In the past decade, there has been a surge in support for Galeano’s demands for a united, anti imperialist Latin America, which brings back to the region the territorial unity and common heritage that Bolivar and his fellow liberators Jose Artigas and Jose de San Martin envisioned. With socialist politicians such as Hugo Chavez in Venezuela, Evo Morales in Bolivia and the Kirchners in Argentina creating a ‘pink wave’ across the continent during the noughties, a new left-wing political alliance was formed, which aimed to spread a ‘Bolivarian Revolution’ to unite the countries of Latin America once again under an anti-imperialist banner.  The alliance challenged the status quo of allowing the United States to maintain a division between the region’s states in order to exploit each country’s resources, which, they argued, would only ever result in the economic expansion of the US and the stagnation of Latin America’s own economic development. They championed home grown economies and began to trade within their Socialist alliance instead of with external powers such as the US. Back in 2009, upon meeting Barack Obama at a Summit for the Americas, Hugo Chavez famously gave the US president a copy of Galeano’s book, as a symbol of the kind of relationship he wanted Venezuela, and Latin America more widely, to have with the US.

However, this alliance, which offered so much hope and promise to the region, has begun to crumble. With the Venezuelan economy in meltdown under the late Chavez’ successor Nicolas Maduro, the Kirchner government of Argentina recently being voted out in favour of neoliberal Mauricio Macri, and even the 60 year long Communist state of Cuba beginning to make compromises with the US, the region does not seem as likely as it once did to unite under an anti-imperialist Pan-American ideology.

What’s more, even those who still claim to adopt this regionalist no-borders approach to Latin American soil do not always portray this ideology in their diplomatic relations with other Latin American countries. Rivalries and animosity between many neighbouring countries are increasingly tense, with some countries, such as Bolivia and Chile, even mentioning the possibility of war (over the section of Bolivia’s coast that Chile won in the War of the Pacific). This does not offer much hope for the ‘Bolivarian Revolution’, championed by many of these politicians, which is supposed to unite all Latin American countries together against the imperialism of the US, instead of fighting amongst themselves.

Nevertheless, outside of this often contradictory and hypocritical world of politics, there exist positive social movements which champion the Pan-American ideal, and one can observe a strong pride amongst citizens of Latin America in their common territory and culture, from their universal celebration of the region’s literature, music and dances, to their love of Latin America’s impressive selection of cocktails.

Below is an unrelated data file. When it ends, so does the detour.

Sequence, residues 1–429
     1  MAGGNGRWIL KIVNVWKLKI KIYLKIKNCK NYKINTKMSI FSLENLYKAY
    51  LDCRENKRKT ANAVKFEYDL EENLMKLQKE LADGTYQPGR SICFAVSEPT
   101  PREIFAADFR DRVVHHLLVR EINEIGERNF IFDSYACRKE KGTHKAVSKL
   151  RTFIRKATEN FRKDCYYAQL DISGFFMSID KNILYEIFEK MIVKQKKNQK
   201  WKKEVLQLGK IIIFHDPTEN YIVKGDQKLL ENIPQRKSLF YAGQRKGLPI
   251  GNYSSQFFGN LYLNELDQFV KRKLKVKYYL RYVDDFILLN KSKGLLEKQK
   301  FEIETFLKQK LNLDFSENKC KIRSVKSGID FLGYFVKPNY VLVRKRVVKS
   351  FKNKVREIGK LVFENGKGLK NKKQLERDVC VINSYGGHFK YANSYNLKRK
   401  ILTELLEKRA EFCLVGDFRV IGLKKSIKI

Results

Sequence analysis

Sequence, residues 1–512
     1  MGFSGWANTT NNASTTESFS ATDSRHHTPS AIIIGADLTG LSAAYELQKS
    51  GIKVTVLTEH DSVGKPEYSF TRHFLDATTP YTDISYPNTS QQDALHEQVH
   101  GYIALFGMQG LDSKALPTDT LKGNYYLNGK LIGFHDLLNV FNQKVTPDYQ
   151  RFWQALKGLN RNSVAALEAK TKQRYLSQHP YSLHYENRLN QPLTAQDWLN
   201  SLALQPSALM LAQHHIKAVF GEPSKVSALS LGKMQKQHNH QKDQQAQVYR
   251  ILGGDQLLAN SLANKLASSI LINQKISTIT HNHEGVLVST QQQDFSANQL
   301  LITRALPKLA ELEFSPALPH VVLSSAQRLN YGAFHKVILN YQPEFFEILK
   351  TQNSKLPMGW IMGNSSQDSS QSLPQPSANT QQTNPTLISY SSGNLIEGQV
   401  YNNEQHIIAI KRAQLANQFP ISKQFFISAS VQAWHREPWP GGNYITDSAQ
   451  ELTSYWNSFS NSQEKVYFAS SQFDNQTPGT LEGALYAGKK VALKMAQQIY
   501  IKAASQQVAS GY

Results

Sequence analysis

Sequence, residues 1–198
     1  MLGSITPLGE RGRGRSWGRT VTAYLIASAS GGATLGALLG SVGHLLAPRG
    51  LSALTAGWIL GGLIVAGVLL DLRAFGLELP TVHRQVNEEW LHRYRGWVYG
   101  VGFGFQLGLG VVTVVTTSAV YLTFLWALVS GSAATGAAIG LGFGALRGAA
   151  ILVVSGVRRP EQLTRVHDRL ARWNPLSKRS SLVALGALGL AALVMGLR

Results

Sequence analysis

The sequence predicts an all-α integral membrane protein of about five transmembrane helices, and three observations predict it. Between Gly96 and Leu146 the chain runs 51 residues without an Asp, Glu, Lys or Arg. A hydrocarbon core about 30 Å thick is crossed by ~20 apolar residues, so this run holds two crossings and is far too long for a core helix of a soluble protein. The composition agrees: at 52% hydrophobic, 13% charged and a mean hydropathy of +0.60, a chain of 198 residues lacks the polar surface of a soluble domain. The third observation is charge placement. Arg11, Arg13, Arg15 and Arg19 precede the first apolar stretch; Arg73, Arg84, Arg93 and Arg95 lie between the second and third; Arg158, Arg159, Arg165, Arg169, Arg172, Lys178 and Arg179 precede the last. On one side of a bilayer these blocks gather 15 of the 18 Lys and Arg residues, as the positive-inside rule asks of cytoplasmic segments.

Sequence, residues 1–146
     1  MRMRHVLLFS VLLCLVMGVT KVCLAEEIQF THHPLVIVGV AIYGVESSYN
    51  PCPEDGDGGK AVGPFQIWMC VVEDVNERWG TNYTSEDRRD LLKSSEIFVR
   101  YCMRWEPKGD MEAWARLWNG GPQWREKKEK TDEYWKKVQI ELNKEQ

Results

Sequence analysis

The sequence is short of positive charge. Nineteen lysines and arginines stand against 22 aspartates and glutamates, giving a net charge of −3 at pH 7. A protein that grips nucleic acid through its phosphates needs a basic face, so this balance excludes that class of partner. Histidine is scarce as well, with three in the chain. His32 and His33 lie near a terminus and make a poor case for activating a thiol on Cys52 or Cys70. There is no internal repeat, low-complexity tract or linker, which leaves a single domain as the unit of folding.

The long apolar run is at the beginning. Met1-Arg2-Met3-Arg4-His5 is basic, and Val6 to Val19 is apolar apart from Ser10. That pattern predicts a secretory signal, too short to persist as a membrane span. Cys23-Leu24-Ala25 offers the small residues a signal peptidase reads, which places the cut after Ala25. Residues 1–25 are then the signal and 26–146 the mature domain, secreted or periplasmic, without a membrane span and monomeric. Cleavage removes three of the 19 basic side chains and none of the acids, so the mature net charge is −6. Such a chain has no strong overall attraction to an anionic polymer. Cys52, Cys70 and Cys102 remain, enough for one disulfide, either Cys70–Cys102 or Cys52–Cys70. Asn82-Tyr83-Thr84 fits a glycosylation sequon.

Whilst travelling we have met several Latin Americans from Chile, Peru and elsewhere who believe in one united Latin America and do what they can to break down the rivalries and tensions between the countries. For example, Yaque, a close Chilean friend of ours that we met on a voluntary project in the Peruvian jungle, engaged in many conversations with local Peruvians who would jump into an argument with her as soon as she stated her nationality (Chile and Peru have a strong rivalry dating back to the War of the Pacific where Peru fought alongside Bolivia against Chile, and also lost the southern section of its coast). She tried to make them see that in reality they were no different, with the same cultural and linguistic roots, from countries with the same history of oppression from Western imperial powers. Whether she got through to them or not is another matter, but it is promising to witness citizens of all Latin American countries working in this way to build bridges and unify the region. Whilst there are clearly still strong tensions and animosity between neighbouring countries, people like Yaque who see themselves as belonging to Latin America before their country of birth, and who engage in small, everyday acts provide hope for the future of the region.

We will finish this blog with the words and powerful imagery of Calle 13, a political rap group from Puerto Rico who are known and beloved across the entire region and who celebrate the diversity and beauty of Latin America through their music. The music video of this song, Latinoamerica, sums up the love that Latin Americans feel for their universal origins, and sends out the powerful message that despite all of the tensions and divisions that still exist in the region, there is, and should continue to be, much more that unites its people than divides them.